• The Introduction. Chapell’s seven page introduction will probably be as valuable to readers as the actual passage notes. In the introduction, Chapell explains the importance of putting every text into its redemptive-historical context if we want to understand how that passage points us to Jesus. “[This] does not mean that every text mentions Jesus,” he writes. “Rather, every text relates some aspect of God’s redeeming grace that finds its fullest expression in Christ” (viii). He proposes four categories for identifying this grace in all of Scripture. He states that we must “identify how God’s Word predicts, prepares for, reflects, or results from the person and/or work of Christ” (ix). The notes for the Scriptures are tethered to these categories, but are by no means enslaved to them. Approaching Scripture with this framework will propel us beyond good interpretation toward “stimulation of a profound love for God that bears holy fruit, as pleasing the One we love above all brings our most profound and compelling joy” (xii).
  • A Gospel Roadmap. Each biblical book is introduced with a gospel roadmap (my word, not the GTB’s) for that particular book. This will help readers look out for the book’s major gospel themes. So, for example, the introduction to 1-2 Chronicles reveals that “[The genealogies] represent the carefully crafted lens through which we observe the one plan of God’s redemption. They teach us to rest in the unwavering commitment of God to fulfill all of his covenant promises” (489). Or take the introduction to Jude: “First and most pervasively, Jude displays the ‘photo negative’ of the gospel, giving us a vivid and dark picture of those who twist the lavish grace of the gospel into a license to sin” (1719).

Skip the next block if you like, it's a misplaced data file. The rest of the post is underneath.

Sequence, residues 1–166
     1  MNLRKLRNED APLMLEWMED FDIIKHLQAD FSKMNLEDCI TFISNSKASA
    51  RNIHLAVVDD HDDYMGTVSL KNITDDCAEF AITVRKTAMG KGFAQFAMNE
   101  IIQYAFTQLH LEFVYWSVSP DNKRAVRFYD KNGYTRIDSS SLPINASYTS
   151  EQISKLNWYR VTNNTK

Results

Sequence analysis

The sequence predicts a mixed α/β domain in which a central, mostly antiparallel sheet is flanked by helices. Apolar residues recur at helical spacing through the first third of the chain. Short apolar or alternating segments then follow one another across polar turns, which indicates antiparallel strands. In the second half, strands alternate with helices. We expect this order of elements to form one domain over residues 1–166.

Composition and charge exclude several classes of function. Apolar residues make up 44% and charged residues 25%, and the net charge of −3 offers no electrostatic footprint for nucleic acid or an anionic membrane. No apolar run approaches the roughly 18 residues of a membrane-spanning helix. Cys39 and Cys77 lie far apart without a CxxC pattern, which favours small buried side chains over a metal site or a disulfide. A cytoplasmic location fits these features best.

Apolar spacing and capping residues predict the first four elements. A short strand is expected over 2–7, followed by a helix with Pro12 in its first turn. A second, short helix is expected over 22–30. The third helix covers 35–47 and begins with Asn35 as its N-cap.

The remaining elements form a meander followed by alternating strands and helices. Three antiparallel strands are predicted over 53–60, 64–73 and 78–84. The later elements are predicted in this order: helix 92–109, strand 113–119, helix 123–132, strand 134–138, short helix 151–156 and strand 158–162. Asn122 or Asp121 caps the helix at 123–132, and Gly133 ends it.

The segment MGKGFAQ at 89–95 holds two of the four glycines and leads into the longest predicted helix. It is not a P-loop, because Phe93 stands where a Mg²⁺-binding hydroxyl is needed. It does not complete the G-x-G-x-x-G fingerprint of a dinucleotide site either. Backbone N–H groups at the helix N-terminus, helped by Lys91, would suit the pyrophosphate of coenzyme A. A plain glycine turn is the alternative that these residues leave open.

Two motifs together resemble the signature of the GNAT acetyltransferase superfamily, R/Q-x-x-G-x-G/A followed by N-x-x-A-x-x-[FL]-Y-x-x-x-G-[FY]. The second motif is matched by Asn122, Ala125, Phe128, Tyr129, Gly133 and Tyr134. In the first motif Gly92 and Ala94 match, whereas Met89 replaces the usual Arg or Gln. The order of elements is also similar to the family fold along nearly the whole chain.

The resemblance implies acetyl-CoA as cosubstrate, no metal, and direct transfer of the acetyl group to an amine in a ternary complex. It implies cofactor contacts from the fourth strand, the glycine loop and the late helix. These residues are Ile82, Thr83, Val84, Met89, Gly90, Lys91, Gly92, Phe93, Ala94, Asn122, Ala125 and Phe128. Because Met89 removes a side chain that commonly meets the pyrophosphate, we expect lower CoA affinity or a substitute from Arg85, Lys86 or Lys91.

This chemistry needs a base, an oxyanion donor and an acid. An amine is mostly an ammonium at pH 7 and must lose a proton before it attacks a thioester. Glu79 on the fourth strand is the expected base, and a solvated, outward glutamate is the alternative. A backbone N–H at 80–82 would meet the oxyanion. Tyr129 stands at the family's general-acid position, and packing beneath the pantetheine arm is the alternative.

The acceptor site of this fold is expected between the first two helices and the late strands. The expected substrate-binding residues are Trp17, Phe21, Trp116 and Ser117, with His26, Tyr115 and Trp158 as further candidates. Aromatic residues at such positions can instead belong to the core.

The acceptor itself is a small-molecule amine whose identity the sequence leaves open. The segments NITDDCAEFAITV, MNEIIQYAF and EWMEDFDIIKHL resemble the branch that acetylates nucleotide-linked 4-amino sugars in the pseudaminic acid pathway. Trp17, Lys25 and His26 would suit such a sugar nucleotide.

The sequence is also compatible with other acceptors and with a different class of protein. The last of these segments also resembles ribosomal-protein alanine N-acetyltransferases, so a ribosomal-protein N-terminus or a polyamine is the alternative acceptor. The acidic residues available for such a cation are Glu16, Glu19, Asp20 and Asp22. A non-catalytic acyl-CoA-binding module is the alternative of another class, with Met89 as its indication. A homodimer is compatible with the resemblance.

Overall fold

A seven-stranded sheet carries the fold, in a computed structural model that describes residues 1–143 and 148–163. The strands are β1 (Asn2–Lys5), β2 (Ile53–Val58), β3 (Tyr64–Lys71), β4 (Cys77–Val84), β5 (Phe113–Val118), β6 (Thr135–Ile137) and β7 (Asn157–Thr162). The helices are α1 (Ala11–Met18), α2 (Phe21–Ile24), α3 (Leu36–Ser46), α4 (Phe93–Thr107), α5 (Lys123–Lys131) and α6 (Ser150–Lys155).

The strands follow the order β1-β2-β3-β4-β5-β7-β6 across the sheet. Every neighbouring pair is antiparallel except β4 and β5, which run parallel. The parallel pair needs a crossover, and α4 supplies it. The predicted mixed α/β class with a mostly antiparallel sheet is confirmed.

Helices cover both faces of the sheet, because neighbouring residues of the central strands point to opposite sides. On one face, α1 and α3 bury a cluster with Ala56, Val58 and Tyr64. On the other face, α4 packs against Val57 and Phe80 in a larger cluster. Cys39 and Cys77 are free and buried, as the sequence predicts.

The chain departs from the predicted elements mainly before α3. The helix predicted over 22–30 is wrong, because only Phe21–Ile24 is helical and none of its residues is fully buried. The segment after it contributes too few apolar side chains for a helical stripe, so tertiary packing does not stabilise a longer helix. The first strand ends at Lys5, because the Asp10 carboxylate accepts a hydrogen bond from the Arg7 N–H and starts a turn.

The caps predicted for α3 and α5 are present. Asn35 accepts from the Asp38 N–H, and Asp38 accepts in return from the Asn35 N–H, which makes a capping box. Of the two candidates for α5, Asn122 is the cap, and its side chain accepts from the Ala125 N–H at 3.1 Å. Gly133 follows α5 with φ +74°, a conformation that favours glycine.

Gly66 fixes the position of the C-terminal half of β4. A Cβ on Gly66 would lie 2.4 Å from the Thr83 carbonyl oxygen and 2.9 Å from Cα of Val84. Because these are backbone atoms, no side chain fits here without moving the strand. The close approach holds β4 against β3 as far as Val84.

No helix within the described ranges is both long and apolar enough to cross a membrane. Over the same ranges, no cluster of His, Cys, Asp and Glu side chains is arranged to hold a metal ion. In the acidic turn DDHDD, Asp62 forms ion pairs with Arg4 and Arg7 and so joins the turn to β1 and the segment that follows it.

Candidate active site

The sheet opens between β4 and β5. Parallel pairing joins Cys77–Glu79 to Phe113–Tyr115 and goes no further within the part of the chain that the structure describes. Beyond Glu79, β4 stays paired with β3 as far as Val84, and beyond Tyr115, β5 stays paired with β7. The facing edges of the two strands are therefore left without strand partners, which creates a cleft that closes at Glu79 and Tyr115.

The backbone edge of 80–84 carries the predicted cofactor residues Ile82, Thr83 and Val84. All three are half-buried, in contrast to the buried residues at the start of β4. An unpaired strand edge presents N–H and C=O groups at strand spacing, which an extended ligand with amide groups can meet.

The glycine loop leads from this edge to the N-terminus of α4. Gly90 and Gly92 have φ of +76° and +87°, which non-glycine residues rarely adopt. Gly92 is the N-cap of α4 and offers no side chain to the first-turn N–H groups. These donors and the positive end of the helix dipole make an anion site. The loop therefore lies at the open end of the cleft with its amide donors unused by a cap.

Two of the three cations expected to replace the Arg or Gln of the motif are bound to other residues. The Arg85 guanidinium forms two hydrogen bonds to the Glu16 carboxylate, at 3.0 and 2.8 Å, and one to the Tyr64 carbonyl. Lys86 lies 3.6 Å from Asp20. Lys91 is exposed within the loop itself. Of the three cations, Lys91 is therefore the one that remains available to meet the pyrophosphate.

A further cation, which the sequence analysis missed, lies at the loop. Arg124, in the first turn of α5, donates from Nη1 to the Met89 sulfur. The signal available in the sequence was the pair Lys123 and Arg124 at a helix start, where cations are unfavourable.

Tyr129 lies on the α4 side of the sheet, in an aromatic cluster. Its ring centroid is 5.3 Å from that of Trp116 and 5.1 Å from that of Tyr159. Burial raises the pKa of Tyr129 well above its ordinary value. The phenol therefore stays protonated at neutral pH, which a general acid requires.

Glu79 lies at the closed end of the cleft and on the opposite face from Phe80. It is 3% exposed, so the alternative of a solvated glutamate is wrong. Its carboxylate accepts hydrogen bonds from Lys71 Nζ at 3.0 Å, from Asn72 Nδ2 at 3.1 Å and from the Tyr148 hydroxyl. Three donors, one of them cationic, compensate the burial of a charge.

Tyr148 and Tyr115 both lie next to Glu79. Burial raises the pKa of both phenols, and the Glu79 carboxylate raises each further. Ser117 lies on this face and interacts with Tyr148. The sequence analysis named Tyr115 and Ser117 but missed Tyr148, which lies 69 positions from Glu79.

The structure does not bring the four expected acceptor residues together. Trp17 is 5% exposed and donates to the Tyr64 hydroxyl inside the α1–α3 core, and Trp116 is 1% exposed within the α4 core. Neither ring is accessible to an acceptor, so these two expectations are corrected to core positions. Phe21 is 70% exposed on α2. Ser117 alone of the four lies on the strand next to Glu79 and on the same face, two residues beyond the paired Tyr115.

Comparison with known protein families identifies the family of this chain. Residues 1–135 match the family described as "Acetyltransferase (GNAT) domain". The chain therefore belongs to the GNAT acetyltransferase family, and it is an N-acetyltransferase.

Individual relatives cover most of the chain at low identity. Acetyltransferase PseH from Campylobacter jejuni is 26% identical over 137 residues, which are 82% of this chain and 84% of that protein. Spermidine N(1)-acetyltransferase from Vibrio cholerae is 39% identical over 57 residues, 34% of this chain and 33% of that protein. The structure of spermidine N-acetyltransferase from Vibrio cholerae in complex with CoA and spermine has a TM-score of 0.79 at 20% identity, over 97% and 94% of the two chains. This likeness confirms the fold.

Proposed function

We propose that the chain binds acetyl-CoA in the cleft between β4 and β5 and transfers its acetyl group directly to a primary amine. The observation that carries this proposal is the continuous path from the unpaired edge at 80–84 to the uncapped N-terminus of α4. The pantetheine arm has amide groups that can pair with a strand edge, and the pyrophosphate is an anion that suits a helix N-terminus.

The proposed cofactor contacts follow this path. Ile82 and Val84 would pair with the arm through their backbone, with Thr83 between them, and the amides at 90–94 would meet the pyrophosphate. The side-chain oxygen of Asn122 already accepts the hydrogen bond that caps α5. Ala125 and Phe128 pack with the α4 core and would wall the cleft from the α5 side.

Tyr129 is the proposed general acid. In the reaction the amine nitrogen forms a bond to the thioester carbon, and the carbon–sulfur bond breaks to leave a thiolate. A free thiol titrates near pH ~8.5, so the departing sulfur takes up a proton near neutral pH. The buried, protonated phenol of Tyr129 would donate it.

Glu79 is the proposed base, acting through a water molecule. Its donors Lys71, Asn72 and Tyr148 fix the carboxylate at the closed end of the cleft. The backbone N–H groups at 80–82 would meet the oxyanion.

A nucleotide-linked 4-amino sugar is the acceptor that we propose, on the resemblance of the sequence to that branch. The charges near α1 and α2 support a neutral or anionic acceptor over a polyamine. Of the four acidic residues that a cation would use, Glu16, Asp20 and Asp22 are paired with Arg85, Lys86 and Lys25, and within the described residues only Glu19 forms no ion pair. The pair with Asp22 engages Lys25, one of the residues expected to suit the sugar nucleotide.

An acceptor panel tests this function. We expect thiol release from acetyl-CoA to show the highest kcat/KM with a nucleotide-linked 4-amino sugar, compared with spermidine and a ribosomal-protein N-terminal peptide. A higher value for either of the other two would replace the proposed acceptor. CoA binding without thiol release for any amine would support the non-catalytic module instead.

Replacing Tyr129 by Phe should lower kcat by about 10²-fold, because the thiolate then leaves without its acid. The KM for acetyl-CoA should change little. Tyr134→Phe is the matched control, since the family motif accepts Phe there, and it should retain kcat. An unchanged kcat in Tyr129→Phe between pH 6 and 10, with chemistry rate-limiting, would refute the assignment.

• The Notes. The notes on the Scriptures are going to connect the themes of Scripture together and show how only Christ can bring them to full resolution. They are going to show us how to apply the gospel in every aspect of life. When we turn to a typical study Bible, we are going to see what the text meant to the original hearers. In a typical application Bible, we are going to learn what to do. The GTB, however, is going to pave the way to see how God’s grace in Christ redeems us from our sin and empowers us to follow Christ and what our motivation is for doing so.
  • Topical Index. At the end there is a lengthy topical index that will help readers “see the way themes are picked up and developed throughout the Bible” (1755). From Abraham to Zion, and everything in between, this will greatly help readers understand how the Bible brings these topics to climax in Jesus. This will, no doubt, be useful for everyone from parents to Bible study leaders to preachers.

One Suggestion for Future Editions
In future editions, I think it would be wonderful to have some articles sprinkled in throughout the volume, or collected at the end of the book. One of the great things about the ESV Study Bible was that it had dozens of valuable articles on various biblical, theological, ethical, and historical issues. I think readers would be served well by expanding on the notes in articles that dig a bit deeper into some of the more significant gospel themes (covenant, creation, idolatry, atonement, etc.) and how God uses them to transform us.

A Home Run Resource
I highly recommend The Gospel Transformation Bible as you study the Scriptures. This is the study Bible you’ve been waiting for. Personally, I would love to get a copy into the hands of every person in our church.

If you need more convincing, watch this video of the GTB editors (16 minutes).

Categories
Life Theology

Does God give eternal life to those with faith or obedience?

He will render to each one according to his works: to those who by patience in well-doing seek for glory and honor and immortality, he will give eternal life; but for those who are self-seeking and do not obey the truth, but obey unrighteousness, there will be wrath and fury. There will be tribulation and distress for every human being who does evil, the Jew first and also the Greek, but glory and honor and peace for everyone who does good, the Jew first and also the Greek. (Romans 2:6-10)